Dada: 100 Years Later
A century ago, a small group of provocateurs took the stage at Cabaret Voltaire in Zurich, starting a movement—now celebrated in a series of exhibitions—that forever changed modern art
By Tony Perrottet
Jan. 19, 2016 12:05 p.m. ET
FOR ART HISTORIANS interested in Dadaism, the impact of the subversive anti-art movement founded in Zurich 100 years ago is illuminated by a simple parlor game: Which artist today has Dada most influenced? Is it Paul McCarthy, whose mischievous ketchup bottles and Barbie dolls recall Marcel Duchamp’s concept of the readymade? Could it be Cindy Sherman, whose classic self-portraits toy with identity in subversive ways? (In 1920, Tristan Tzara invited fellow Dadaists to send him manipulated self-portraits, provoking Max Ernst to re-create himself as “Dadamax.”) Or perhaps Rirkrit Tiravanija, a contemporary artist whose dinner parties turn audience members into an active element of the work? (The rejection of art as a commodity—not to mention the very idea of performance art—can be traced back to Dadaism, says Adrian Sudhalter, curator of Dadaglobe Reconstructed, an exhibition coming to New York’s Museum of Modern Art this summer.) In fact, the better question may be: Which living artist is not influenced by Dada? “The echoes of Dadaism are everywhere,” Sudhalter says. “Dadaism shifted the entire landscape of modernism. It redefined the idea of what art was. It no longer had to be an object you hang on the wall. Art could be an ephemeral performance, a page in a magazine, an object found in the street. The strategies of Dadaism are now part of almost every artist’s vocabulary.”
“The spirit of Dada re-emerges in the puberty of every artistic generation,” explains Adrian Notz, director of Cabaret Voltaire in Zurich, where Dada was born. In the 1960s, there was “neo-Dada” practiced by the likes of Robert Rauschenberg, Jasper Johns and Yoko Ono. More recently, “trash art” took the use of found objects to extremes, inspiring artists such as Noah Purifoy and David Hammons. Even more pervasive is Dada’s effect on pop music. “Dada’s most genuine successor was punk rock,” says Notz. The Sex Pistols’ concerts induced the same shock and awe audiences felt a century ago when Dada performances nearly provoked riots. “ David Bowie was a consummate Dadaist, creating his own personas,” Notz adds, a banner of self-invention also carried by Lady Gaga: “She continues the tradition of absurd self-creation. The idea of embracing your inner freak is pure Dada. Don’t put on a mask; develop your personal spirit.”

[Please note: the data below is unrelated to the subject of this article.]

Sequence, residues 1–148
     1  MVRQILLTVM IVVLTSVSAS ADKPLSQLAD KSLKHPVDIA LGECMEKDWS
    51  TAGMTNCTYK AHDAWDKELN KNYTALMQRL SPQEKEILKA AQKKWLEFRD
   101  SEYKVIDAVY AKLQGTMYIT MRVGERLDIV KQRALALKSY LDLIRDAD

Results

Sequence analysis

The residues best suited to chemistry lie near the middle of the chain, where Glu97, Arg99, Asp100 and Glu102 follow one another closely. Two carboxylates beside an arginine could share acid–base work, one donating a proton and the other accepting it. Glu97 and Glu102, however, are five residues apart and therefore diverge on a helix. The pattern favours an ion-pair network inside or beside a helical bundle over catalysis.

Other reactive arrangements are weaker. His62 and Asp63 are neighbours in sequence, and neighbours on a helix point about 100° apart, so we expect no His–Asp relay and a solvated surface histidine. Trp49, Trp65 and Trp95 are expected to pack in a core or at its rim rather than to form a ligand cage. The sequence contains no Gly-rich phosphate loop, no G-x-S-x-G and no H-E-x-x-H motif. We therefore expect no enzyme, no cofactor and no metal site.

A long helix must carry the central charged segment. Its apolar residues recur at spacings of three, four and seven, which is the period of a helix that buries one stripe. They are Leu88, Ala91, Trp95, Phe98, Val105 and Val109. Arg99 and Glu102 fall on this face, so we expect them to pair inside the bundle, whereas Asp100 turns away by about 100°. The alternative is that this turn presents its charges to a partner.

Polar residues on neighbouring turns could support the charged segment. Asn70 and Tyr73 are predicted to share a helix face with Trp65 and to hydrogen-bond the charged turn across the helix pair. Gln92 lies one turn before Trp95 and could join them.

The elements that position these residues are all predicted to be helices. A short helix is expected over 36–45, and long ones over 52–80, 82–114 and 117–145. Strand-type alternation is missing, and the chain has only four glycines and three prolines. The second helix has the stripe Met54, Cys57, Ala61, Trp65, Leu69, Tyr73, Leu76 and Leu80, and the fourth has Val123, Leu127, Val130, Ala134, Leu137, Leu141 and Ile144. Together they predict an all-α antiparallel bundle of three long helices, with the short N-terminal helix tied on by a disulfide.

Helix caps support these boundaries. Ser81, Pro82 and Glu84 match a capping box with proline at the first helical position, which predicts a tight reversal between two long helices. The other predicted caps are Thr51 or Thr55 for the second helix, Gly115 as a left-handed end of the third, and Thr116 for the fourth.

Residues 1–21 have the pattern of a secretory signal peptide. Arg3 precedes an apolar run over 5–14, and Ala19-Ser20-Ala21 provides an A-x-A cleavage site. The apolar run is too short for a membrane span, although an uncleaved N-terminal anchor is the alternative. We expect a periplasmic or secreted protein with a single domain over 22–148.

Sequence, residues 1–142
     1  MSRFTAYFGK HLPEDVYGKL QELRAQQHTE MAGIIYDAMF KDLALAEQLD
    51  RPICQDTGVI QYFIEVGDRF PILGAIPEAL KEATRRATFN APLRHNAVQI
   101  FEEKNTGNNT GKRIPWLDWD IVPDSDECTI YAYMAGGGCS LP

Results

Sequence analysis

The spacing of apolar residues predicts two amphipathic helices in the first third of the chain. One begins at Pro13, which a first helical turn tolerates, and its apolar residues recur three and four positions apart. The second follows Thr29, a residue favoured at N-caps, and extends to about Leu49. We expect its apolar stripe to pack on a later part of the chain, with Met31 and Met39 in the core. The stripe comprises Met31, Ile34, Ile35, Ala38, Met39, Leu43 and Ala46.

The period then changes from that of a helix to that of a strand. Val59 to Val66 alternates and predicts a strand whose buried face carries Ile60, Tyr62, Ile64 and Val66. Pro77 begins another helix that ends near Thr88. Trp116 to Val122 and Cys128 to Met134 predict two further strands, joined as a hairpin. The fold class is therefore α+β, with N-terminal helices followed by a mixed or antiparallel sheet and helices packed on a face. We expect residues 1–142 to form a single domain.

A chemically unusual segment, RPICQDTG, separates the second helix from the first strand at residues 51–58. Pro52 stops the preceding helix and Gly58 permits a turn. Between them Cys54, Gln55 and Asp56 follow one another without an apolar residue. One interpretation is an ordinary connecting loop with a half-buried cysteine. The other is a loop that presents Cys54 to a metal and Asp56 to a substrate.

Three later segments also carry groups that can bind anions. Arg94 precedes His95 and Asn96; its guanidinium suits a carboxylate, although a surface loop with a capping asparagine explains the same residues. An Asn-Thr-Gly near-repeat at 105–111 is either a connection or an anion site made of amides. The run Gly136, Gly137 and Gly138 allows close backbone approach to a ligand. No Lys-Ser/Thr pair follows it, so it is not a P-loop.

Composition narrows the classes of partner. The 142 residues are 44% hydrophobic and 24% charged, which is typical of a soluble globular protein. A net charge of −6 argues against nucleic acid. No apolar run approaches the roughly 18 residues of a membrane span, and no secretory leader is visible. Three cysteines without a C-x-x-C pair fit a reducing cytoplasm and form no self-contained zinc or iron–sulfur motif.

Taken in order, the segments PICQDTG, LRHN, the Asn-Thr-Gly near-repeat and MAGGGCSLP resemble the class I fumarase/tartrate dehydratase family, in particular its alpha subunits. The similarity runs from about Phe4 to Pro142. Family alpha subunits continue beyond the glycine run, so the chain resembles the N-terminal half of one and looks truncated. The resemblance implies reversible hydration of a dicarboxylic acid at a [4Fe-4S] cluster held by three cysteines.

It may seem odd that Dada’s “primal scream” of anarchy began in Zurich, better known for staid financial efficiency than artistic frenzy. But during World War I, the city flourished as a raucous cultural center whose energy was fueled by refugees from all over Europe. In this atmosphere, Dada was formed by a cosmopolitan coterie of artists who shared a sense of outrage at the savage bloodletting of history’s first mechanized conflict. They were led by the Germans Hugo Ball and his lover Emmy Hennings, the Frenchman Jean Arp, the Swiss Sophie Taeuber and the Romanian Tzara, who would become Dada’s main cheerleader. (In 1916, Zurich was also home to James Joyce, who was writing Ulysses, and Vladimir Lenin, who was plotting political revolution—a convergence that Tom Stoppard celebrated in his play Travesties.) “Zurich is not at all a Dadaist city, but that is exactly why it was born here,” Notz says. “The Swiss qualities of safety and order make it an excellent place for artists to experiment. And Zurich has always been a bubble within Europe. During the Great War, it was described as ‘a birdcage surrounded by roaring lions.’ This very contradiction nourished Dada.”
On the night of February 5, 1916, at Cabaret Voltaire, a half dozen wild-eyed young bohemians staged the first Dadaist performance before a bewildered crowd. The walls of the cabaret were decorated with primitivist masks and artworks by the likes of Picasso and Modigliani. Onstage, provocateurs mixed vaudeville acts and expressionist dance with performances that bordered on gibberish or lunacy, including a poem intoned in three languages at once, a Maori song belted out by the young Tzara wearing a monocle as he writhed in epileptic-like spasms and a threatening figure reciting what he called “Fantastic Prayers” while banging a drum and flailing a riding crop.